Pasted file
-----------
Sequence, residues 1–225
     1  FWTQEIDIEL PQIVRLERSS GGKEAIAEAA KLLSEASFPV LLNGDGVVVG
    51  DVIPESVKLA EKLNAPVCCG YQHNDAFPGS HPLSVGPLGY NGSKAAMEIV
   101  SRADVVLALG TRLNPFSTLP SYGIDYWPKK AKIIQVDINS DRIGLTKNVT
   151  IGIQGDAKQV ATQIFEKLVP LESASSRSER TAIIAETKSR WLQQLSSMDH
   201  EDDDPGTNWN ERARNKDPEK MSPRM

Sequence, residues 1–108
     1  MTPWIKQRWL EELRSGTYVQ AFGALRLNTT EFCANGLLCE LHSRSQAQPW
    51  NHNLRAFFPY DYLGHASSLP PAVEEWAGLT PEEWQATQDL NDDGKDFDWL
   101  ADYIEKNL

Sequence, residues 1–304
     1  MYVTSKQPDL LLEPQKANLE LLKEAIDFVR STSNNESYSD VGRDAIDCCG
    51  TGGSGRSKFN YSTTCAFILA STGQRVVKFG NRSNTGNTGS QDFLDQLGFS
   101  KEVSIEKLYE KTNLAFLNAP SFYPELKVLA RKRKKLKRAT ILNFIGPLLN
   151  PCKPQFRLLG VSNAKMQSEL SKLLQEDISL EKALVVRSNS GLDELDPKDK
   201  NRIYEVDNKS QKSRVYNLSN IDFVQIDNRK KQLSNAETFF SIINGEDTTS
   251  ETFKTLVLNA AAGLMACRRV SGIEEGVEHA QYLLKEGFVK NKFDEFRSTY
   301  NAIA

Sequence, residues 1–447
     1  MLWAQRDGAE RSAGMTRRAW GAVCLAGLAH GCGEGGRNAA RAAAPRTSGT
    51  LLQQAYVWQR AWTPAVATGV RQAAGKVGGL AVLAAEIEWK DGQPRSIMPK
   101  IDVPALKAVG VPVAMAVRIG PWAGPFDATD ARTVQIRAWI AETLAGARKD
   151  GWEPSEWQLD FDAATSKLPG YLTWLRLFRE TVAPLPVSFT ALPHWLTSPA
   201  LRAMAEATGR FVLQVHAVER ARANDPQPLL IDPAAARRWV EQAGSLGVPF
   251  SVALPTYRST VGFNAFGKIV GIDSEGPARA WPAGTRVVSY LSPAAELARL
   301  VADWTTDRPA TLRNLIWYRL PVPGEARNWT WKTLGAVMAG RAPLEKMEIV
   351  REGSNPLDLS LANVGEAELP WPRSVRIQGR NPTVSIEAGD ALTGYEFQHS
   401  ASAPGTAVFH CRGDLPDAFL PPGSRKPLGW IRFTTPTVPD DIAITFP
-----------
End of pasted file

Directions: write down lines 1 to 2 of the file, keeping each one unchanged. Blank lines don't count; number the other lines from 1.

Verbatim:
Sequence, residues 1–225
     1  FWTQEIDIEL PQIVRLERSS GGKEAIAEAA KLLSEASFPV LLNGDGVVVG